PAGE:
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The Big Takeover #80 Spring 2017
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The Sneetches - Form of Play: A Retrospective (Omnivore Recordings)

Album cover for Form of Play: A Retrospective by The Sneetches.
29 April 2017

San Francisco power popsters The Sneetches produced one of the coolest albums from my younger years, the brilliant Sometimes That’s All We Have, which contained the notable and amusing tune “Another Shitty Day” with its scratchy vinyl intro. It was definitely an anthem for a generation of slackers, and still holds true today in our disillusioned society. That tune does not appear on this retrospective, which traces the band’s history from 1985-1994. Liner notes are contributed by Sneetches bassist Alec Palao. This retrospective includes remastered selections hand-picked by the band, and it draws on the group’s recordings for Creation, Alias, Bus Stop, spinART, and other labels, with rare mixes and five previously unreleased cuts. The band formed in 1985 by Mike Levy and Matt Carges, punk veterans who decided to indulge their love of highly melodic power pop (think Zombies, Easybeats, Big Star) in the age of grunge and hardcore.With the addition of Englishmen Daniel Swan (in 1986) and Alec Palao (in 1988), the lineup was complete and began to perform around the Bay Area.

I hear so many things as I parse through these songs, all of them memorable in that timeless way that great 60s songs had on me. I also hear echoes of modern artists like Sloan, Fountains of Wayne, and The Posies. I am sure that is because all these bands have similar influences and all grew up with the same records in their collections. Where do I start? There are 22 songs here and they all resonate. And on some level, it makes me sad, because here is yet another fantastic band that didn’t make a dent beyond the usual outlets. “And I’m Thinking (Single Version)” reminds me the most of The Posies. Perhaps it’s the sublime vocals and harmonies, and the wonderful melody and tuneful guitars. It’s a killer tune, and I find myself playing it repeatedly. “Voice In My Head” has a joyful punk energy mashed in with horns and a sing along chorus. Shades of The Turtles and Zombies peek around the corner of this one, as Levy sings with tongue firmly in cheek. And what a voice he has, perfectly suited to this material. “Don’t Turn Back” retains that classic feel, right down to the finger snaps and the warm harmonica. I love the keyboards here, as they add a baroque flourish that elevates the tune to something great. Just wonderful!

“Only For a Moment” also unfurls itself with ease, an acoustic number that has sharp lyrics and various nods to the Fab Four. The harmonies are brilliant, and I like the tasteful guitar solo winding around the acoustic strumming. “Julianna Why” is a delicate, acoustic gem with an enchanting melody that hits the sweet spot in my musical brain. Classic! I am running out of superlatives to describe the sunny, sparkling pop contained herein, though I do appreciate the light sprinkling of sarcasm laid down. “Behind the Shadow” has lovely keyboard work and a tasteful arrangement, and the vocals are great. “Take My Hand” ushers in a bit of Rain Parade era psych pop and marries it to some pretty horn work. One of my favorite songs on this collection, and apparently also a favorite of Creation label head Alan McGee. “Looking for Something” is sweet power pop laced with punky energy, while the moody “A Good Thing” is a complete change in direction. It’s music for a rainy Monday in the gloom of winter. The organ driven psych pop of “Empty Sea” is a song I’d forgotten about, but as soon as I heard it, I remember it as an old and oft played favorite. It’s always cool to rediscover lost gems! There’s also some swell slide guitar on here. “Let Us Go” is bongo-infused chamber pop, and it’s fun. “Unusual Sounds” is brilliant pop, and another old favorite of mine! It’s like long lost treasure, or an uber cool Monkees tune that’s been rediscovered. And hearing it, I scratch my head and wonder why this wasn’t a hit, and instead, we have to listen to all the horrible dreck on commercial radio. This would be right at home on a classic rock station.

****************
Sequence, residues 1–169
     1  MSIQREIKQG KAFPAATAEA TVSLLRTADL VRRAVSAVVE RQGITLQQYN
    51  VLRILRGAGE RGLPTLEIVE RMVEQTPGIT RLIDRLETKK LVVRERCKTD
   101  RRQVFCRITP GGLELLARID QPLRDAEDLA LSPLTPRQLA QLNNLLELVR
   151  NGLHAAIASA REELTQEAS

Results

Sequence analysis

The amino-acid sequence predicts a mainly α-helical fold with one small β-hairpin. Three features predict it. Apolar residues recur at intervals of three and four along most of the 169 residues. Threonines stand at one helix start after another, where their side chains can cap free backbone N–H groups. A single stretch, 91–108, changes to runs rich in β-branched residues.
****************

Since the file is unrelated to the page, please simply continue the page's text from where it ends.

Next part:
The live tracks here reveal how good The Sneetches were in a concert setting, and all were previously unissued. They are solid and essential offerings for fans, though not quite as mind melting as some of their classic melodies. The set closes with a home demo, “How Does It Feel”. It has a nice, grass roots feel to it, and the winning melody and warm harmonies make it something special. In summary, this is a special collection of songs, and while it might not contain everyone’s favorites, what it does offer is a look at a band who deserved far more appreciation than they received. Absolutely essential for all Sneetches fans!

 

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